Thursday, February 25, 2010


Queen Esther from The Book of Esther

The Scroll from The Book of Esther
Sunday, February 28th is the Jewish holiday of Purim. The holiday of Purim commemorates the salvation of the Jewish people, in the Persian kingdom of Ahasuerus, from the attempt to annihilate them. The story was documented in the Scroll (Book) of Esther (מְגִילַת אֶסְתֵּר, Megilat Ester), which became the last of the 24 books of the Tanach (תנ"ך, the Bible).

The Story of Queen Esther:

Three years after becoming the King of Persia, King Achashverosh made a big feast to show off the rich treasures of his kingdom. The celebration lasted six months!!! When the King called Queen Vashti to show off her beauty she refused to come. Haman advised him to get rid of his insubordinate wife and to find a better one in her place. The King's agents were sent to all the countries of the Kingdom to search for beautiful young girls as candidates for the role of the Queen. Esther was chosen by the King to become the new Queen of Persia. She followed Mordechai's advice and didn't tell the King that she was Jewish.

In the meantime, Mordechai overheard that two of the King's servants became angry with the King and planned to kill him. He told Esther about the plot and she told it to the King. The servants were hanged and the story was written in the King's private record book.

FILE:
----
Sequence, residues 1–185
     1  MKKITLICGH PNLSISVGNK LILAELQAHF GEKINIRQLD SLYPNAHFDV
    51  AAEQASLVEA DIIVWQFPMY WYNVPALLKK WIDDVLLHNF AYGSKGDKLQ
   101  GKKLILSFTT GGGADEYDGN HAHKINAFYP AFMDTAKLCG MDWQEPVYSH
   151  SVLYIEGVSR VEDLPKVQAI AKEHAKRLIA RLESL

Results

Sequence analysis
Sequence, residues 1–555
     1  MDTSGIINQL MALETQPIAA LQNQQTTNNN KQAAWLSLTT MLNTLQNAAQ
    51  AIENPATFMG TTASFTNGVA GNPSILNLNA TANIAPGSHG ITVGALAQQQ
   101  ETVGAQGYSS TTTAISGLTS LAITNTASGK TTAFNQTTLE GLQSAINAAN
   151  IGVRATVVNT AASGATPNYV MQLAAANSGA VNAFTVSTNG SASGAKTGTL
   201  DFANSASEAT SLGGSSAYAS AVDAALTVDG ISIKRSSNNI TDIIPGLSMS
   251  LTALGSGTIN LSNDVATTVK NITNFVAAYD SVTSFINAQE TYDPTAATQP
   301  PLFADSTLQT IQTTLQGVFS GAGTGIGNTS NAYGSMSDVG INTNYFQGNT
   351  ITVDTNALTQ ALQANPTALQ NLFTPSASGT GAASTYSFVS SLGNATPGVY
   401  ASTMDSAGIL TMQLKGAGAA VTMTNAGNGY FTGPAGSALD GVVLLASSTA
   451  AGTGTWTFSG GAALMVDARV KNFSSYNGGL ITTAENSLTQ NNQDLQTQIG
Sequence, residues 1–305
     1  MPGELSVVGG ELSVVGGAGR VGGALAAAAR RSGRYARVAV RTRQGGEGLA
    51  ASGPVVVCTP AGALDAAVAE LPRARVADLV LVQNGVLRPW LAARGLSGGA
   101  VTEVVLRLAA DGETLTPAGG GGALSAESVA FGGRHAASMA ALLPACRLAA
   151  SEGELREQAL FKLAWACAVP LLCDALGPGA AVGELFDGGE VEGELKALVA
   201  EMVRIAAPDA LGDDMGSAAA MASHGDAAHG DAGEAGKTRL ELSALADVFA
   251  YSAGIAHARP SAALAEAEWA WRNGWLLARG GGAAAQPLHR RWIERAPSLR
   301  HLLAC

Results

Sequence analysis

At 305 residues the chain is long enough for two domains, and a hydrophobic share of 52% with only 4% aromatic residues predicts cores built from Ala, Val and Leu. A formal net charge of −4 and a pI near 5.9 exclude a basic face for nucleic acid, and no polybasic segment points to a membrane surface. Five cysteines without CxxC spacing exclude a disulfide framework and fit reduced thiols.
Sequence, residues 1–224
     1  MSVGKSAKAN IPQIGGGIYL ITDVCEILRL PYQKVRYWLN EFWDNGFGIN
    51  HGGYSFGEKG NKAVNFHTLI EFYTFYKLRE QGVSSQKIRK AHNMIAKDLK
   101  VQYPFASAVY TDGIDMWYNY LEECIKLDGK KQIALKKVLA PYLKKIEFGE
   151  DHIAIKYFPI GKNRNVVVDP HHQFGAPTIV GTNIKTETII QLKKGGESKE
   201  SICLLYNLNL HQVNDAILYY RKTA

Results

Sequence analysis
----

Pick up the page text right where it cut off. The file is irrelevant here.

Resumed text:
Achashverosh's advisor, Haman, became the most important officer of the King and therefore everyone had to bow to him. Mordechai refused to do so and it made Haman so angry that he decided to kill Mordechai and all his people, meaning all the Jews in the entire Kingdom of Achashverosh.

Haman made a PUR (פּוּר, lottery) to choose the day to kill the Jews. The chosen date was the 13th day of the month of Adar (י"ג אֲדָר). Haman had a very easy task in persuading Achashverosh to support this act and the orders to destroy the Jews and steal their property were sent throughout the kingdom.

Mordechai tore his clothes and put on sackcloth and ashes as a sign of public mourning. He asked Esther to go to the King, to beg him, and to plead with him for her people. The problem was that if someone (including the Queen) approached the King without being called, he or she was sentenced to death unless the King pointed his gold scepter at that person. Esther asked Mordechai to gather the Jews in Shushan and fast for her for three days before she went to the King against the law. When Achashverosh saw Queen Esther, he was pleased with her and pointed his scepter toward her. Esther asked the King and Haman to come to a party she had prepared and at that party she asked them to join her at another party on the following day.

On his way home from Esther's party Haman met Mordechai and the latter did not even move to show his respect to the high officer. The furious Haman consulted with his friends and family and decided to make a gallows to hang Mordechai on it. 

That night the king couldn't sleep so he asked his servants to read for him from his private record book. He was read about Mordechai who revealed the plot to kill the King and realized that Mordechai was not rewarded. As Haman was in the palace (to ask the King's permission to hang Mordechai), Achashverosh decided to consult with him about the reward. Haman, thinking that the King wanted to reward him, suggested that one of the King's highest officers should dress the man with royal robes and crown and lead him on a royal horseback through the city square calling "This is what is done for the man whom the King wants to honor." Instead of hanging Mordechai, Haman ended up dressing Mordechai in royal robes and leading him on the horse through the city square.